“There is a long list of other symptoms: sensory ones like feelings of hot or cold when the feet or hands are not hot or cold to the touch, deep itching, feeling like you are wearing a stocking or glove when you aren't, etc., motor ones like balance, and movement concerns, and autonomic ones that are internal as all internal organs are operated by peripheral nervous system. Blood pressure, kidney function, urinary tract, digestive system, sexual feelings, etc. are affected by the health of the nerves.”
Anderson noted that neuropathy “usually starts in the longest nerve which is the one that goes to the toes. When the progress gets up to the knees, it may start in the fingers and hands as that is now about the same length. However, it may also start in the hands if the injury that causes the neuropathy is in the cervical spine area initially. “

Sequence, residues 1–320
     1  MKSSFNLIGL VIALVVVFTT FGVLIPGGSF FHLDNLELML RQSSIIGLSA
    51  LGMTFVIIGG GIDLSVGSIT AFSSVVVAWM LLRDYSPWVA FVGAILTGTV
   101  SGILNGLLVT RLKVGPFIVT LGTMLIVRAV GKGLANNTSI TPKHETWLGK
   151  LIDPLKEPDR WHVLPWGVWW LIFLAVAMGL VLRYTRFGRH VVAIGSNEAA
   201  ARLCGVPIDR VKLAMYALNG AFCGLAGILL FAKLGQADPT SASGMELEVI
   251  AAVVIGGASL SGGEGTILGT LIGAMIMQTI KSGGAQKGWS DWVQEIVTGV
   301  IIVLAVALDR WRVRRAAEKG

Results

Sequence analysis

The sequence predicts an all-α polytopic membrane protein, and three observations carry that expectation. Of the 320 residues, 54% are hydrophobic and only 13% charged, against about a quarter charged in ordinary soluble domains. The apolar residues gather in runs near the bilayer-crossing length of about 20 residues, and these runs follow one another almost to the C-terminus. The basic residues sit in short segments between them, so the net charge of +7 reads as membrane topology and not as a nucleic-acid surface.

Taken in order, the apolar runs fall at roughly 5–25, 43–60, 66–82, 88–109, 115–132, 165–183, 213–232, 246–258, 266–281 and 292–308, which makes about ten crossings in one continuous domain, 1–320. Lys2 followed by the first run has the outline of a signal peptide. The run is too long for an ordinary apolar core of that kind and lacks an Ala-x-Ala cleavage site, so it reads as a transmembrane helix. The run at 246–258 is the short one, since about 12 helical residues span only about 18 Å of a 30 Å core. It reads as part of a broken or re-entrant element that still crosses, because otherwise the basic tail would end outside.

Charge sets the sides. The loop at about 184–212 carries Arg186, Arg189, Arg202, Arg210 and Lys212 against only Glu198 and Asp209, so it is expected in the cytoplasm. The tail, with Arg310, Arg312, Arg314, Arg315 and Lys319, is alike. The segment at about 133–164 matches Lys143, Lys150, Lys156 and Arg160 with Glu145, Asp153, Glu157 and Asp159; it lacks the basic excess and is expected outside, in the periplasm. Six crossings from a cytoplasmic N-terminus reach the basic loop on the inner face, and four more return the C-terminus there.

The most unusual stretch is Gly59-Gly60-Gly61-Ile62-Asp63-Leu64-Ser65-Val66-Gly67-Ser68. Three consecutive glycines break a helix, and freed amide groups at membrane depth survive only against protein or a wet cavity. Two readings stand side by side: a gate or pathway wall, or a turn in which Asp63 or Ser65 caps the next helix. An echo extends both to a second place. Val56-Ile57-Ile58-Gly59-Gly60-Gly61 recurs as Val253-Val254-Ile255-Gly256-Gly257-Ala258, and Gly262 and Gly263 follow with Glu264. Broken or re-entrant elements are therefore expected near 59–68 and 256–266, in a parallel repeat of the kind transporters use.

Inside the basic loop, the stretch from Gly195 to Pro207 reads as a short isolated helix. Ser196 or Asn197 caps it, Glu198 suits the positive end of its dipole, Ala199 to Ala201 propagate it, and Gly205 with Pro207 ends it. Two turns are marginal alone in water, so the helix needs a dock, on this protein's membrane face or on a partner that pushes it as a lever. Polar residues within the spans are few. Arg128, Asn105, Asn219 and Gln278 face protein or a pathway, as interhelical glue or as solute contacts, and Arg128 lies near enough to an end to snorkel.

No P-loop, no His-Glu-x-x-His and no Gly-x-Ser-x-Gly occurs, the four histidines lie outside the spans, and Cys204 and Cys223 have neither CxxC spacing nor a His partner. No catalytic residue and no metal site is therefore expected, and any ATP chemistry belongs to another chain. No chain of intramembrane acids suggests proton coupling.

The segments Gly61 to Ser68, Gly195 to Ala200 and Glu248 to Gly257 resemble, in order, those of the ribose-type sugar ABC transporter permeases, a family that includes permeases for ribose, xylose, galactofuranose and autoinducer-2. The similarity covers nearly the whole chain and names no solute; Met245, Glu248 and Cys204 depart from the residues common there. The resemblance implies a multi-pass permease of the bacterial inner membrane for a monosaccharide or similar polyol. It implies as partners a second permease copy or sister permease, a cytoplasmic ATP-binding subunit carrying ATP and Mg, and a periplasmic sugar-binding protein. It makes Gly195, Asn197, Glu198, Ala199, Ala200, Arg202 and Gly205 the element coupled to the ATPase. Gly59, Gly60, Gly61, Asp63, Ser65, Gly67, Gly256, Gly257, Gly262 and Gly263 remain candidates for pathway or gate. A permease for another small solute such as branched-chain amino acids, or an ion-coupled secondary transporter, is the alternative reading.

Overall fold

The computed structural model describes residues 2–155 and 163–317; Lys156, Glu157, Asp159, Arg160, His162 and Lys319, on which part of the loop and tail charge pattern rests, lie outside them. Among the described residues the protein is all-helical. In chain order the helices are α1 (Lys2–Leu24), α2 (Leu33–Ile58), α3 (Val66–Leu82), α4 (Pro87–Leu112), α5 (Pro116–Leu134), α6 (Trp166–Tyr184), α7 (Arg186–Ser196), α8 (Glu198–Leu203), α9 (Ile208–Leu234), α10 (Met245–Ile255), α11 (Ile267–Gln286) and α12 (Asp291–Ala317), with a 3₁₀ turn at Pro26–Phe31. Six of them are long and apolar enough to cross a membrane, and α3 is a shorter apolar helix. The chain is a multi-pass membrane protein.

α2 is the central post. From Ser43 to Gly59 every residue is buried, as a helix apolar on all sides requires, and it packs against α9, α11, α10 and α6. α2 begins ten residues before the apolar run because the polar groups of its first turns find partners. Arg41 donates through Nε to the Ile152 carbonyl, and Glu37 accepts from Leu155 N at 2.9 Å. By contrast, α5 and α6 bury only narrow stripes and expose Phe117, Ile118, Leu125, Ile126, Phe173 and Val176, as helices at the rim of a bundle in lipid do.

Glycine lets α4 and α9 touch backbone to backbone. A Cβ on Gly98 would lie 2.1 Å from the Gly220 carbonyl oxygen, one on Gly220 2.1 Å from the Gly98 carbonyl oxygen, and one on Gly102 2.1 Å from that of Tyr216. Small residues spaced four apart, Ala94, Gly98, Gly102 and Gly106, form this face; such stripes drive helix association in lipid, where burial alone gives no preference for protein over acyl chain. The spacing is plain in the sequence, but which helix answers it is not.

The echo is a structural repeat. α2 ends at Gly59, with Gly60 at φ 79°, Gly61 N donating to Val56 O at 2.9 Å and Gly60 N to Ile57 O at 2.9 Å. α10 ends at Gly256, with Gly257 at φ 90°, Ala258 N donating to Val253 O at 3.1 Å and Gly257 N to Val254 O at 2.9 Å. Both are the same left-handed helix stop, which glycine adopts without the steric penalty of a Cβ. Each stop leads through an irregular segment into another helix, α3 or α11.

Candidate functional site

The mission of WNA, comprised of 500 members and many other attendees in California, Oregon and Nevada, is “to provide support, information and referral to people with neuropathy and to those who care about them, to inform and connect with the health care community and to support research,” Anderson said. The all-volunteer organization seeks to establish and develop support groups in as many cities as possible.
Highly honored for his work, Hammock is a member of the National Academy of Sciences and the National Academy of Inventors. He received an outstanding achievement award from the international Eicosanoid Research Foundation at its 2017 meeting in Puerto Vallarta, Mexico, where he delivered a plenary lecture on “Control of Acute and Neuropathic Pain by Inhibiting the Hydrolysis of Epoxy Fatty Acid Chemical Mediators: Path to the Clinic.”
Hammock's career took him from UC Berkeley to the U.S. Army Academy of Health Science in San Antonio, Texas; to a Rockefeller Foundation Fellowship at Northwestern University, Evanston, Ill., and to UC Riverside, where he served as an assistant and associate professor before he joined the UC Davis faculty in 1980. He holds a joint appointment with the UC Davis Department of Entomology and Nematology and the UC Davis Comprehensive Center for Cancer Research.